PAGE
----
5 Passages from the WikiLeaks "Afghan Diary" That Bring the Bizarre, Tragic Reality of War to Life
Much has been made of the unfolding scandal surrounding the WikiLeaks Afghanistan war cache. Surprisingly less attention has been paid to the vast amount of material itself -- beyond, that is, what the New York Times and Guardian have deemed important enough to publish. Much of the public, including many people who consider themselves engaged in the war debate, seems (understandably) intimidated by the size of the mega-dump and content to let others explain its significance. This is strange, given that perhaps the loudest message of the leakers is that we should never rely only on officials, embeds, and editors.
Putting to the side the political debates swirling around the leak, the material is rich on its own terms, rich in a way that second-hand round-ups and editorializing syntheses simply cannot capture. The mass of 91,000 raw files is perhaps best read (or heavily skimmed) as a very long work of experimental combat non-fiction, with each chapter a narrative bark of unedited, acronym-packed military speak. Over the course of hours, the sheer redundancy of the material -- a drumbeat of tribal skirmishes, dead civilians, and firefights among Afghan cops, soldiers, and militias -- powerfully conveys with incredible compression the daily grind of chaos and violence that is Afghanistan. The WikiLeaks memos make even the shortest wire dispatch read like an Op-Ed. They are bullets by bullet-point.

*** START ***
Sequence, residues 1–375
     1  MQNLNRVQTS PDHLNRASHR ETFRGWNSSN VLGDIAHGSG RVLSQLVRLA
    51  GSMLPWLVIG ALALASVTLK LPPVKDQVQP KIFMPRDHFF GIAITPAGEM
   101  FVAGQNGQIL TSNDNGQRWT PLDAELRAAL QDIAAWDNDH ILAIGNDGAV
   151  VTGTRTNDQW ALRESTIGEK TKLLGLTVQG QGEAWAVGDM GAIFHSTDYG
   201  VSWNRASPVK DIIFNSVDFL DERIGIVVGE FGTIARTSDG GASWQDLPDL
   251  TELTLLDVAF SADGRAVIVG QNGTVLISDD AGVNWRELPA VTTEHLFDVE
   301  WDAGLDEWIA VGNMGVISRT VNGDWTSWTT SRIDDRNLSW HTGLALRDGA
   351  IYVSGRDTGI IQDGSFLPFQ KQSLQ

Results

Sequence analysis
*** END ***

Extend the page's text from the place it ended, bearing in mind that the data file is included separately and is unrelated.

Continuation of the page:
Below are five memos that gave this reader pause, each for different reasons. They don't represent the most shocking or important details buried in the cache, but are representative of the tiny rough gems you might find perusing the leaks. They are highly compressed true war stories that will lead different people to different conclusions, including none at all.
#1. The Great Escape
Prisons and prisoners are running motifs in the memos. They are full of reports of AAF's (Anti-Afghan Forces) and ACM's (Anti-Coalition Militias) being overcome, disarmed, flex-cuffed and sent off to the nearest base or holding facility. Some describe interrogations, releases and the occasional jailbreak. This entry relays one such escape with a touch of the cinematic despite itself:
On the night of 28 May between 1500Z and 2400Z Mohammed Wali Jan, a detained suspected ACM (Anti-Coalition Militia) was able to use his blanket as a tool and pull in the roof of his cell. From there he climbed the detention facility wall and escaped. The front gate to the PUC (Prison Under Control) facility was secure and we have been able to retrace his movement over the wall and concertina wire and have identified a recent blood trail heading east. Due to this probable escape route we do not at this time suspect any collaboration from HN (Host Nation) workers or terps (interpreters). Searches are being conducted in the local area.